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BIOGRAPHY OF PHILIPPINE PRESIDENTS

EMILIO AGUINALDO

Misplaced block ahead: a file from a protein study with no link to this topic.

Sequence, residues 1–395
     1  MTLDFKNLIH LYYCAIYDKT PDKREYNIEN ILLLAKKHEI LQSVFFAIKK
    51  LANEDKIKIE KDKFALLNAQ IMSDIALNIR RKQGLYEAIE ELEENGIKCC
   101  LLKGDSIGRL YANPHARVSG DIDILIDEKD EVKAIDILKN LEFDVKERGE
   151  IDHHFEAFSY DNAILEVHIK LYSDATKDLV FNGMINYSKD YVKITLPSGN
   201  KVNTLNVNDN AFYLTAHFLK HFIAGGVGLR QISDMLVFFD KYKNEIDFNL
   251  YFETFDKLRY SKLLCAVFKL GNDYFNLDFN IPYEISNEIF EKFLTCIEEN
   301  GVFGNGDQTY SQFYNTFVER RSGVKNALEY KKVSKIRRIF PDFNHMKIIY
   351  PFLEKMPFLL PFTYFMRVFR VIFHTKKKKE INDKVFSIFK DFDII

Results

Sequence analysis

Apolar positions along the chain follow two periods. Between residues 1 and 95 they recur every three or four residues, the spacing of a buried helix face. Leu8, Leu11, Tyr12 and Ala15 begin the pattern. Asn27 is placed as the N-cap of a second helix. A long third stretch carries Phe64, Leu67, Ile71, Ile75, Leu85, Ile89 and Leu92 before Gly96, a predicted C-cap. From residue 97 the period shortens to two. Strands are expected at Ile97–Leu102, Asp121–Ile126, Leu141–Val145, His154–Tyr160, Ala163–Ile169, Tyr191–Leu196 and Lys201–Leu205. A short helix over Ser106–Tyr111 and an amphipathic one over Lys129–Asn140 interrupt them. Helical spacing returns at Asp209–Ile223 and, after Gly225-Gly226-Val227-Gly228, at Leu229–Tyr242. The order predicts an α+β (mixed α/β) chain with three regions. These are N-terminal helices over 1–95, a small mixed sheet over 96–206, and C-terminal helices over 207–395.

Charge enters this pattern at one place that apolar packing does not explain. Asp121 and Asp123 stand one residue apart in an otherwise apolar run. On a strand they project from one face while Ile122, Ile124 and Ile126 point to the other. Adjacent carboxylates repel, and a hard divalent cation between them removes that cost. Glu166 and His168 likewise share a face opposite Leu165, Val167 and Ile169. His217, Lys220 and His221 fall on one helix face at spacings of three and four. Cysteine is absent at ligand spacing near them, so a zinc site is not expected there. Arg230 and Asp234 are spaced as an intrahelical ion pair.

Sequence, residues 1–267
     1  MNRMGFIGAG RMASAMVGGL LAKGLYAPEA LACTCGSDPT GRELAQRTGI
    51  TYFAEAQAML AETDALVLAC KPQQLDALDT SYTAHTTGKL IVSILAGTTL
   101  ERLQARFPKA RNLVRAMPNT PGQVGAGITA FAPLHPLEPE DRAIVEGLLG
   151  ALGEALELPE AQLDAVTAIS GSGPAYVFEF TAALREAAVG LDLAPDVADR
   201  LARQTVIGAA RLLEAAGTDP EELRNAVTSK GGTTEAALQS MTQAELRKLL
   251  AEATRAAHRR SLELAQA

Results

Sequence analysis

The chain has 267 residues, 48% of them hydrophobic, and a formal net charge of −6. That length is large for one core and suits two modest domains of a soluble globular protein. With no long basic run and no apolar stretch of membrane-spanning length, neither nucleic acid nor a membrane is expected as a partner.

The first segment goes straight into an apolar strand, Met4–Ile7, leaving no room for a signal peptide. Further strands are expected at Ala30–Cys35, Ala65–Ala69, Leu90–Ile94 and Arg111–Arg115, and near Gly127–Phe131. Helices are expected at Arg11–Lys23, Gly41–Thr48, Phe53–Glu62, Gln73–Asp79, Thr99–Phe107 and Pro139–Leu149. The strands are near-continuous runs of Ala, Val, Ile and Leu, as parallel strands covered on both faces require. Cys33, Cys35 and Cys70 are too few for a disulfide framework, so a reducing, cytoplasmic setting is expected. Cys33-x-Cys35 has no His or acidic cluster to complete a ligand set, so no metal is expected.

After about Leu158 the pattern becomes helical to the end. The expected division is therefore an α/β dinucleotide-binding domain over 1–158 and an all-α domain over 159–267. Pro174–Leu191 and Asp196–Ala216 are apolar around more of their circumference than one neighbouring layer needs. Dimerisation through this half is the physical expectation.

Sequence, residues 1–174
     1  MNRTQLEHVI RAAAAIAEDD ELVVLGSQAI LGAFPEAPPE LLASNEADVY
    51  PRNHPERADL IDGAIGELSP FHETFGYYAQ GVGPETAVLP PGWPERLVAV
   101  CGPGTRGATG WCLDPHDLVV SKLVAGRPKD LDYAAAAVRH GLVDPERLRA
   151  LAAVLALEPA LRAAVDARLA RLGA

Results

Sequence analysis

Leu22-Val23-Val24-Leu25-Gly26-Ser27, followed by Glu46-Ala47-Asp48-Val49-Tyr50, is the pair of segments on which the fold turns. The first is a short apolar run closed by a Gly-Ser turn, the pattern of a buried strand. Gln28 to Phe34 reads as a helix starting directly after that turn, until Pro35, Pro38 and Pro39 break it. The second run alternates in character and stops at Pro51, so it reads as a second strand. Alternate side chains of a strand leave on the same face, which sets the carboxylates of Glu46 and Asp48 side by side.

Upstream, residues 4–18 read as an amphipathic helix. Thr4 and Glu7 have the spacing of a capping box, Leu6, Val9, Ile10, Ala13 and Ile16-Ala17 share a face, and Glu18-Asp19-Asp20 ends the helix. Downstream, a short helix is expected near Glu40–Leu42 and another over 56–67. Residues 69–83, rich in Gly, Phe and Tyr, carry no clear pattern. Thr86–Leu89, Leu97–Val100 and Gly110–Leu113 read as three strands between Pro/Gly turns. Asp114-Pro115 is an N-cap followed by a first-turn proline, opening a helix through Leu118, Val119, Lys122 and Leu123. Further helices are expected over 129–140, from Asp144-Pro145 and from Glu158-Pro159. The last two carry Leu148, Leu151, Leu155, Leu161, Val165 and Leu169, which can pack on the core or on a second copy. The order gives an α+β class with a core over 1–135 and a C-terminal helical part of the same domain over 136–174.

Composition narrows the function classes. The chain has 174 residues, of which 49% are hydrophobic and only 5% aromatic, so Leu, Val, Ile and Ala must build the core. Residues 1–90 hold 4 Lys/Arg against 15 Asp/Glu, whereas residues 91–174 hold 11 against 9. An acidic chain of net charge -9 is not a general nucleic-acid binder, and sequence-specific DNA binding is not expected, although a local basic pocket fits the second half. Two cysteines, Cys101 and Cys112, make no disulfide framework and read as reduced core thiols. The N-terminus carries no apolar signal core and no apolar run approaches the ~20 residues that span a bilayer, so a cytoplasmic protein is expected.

QUICK FACTS NAME: Emilio Aguinaldo OCCUPATION: General, World Leader BIRTH DATE: March 23,1869 DEATH DATE: February 06, 1964 EDUCATION: University of Santo Toms PLACE OF BIRTH: Cavite, Philippines PLACE OF DEATH: Manila, Philippines BEST KNOWN FOR Filipino leader Emilio Aguinaldo finally lived to see his country achieve independence after fighting off both the Spanish and the Americans. Revolutionary leader Emilio Aguinaldo was born March 23, 1869 in Cavite, Philippines. In 1898 he achieved independence of the Philippines from Spain and was elected the first president of the new republic under the Malolos Congress. He also led the Philippine-American War against U.S. resistance to Philippine independence. He died of a heart attack on February 6, 1964 in Quezon City, Philippines. EARLY LIFE Emilio Aguinaldo was born March 23, 1869 in Kawit, Cavite Province, Philippines. Nicknamed Miong, he was the seventh of eight children. His parents were of Chinese and Tagalog descent. His father, Carlos, died when Aguinaldo was just nine years old. Widowed, his mother, Trinidad, sent him to attend public school in Manila. After graduating from the University of Santo Thomas in Manila, Aguinaldo returned home to Kawit, where he developed a growing awareness of Filipino frustration with Spanish colonial rule. While serving as the head of barter in Manila, he joined the Pilar Lodge chapter of the Freemasonry in 1895. The Freemasonry was a government- and church-banned resistance group. It was through his role as municipal captain of this fraternity that Aguinaldo met Andres Bonifacio, a key figure in the fight to overthrow Spanish rule. INDEPENDENCE FROM SPAIN Eager to fight for the cause of Philippine independence, in 1895 Aguinaldo took up with a secret society of revolutionaries headed by fellow lodge member Andres Bonifacio. When a rival faction executed Bonifacio in 1897, Aguinaldo assumed total leadership of the revolution against Spain. By December 1897, Aguinaldo had managed to reach the Truce of Biak-na-Bato with Spain. He and his rebels agreed to a surrendering of arms and accepted exile to Hong Kong in exchange for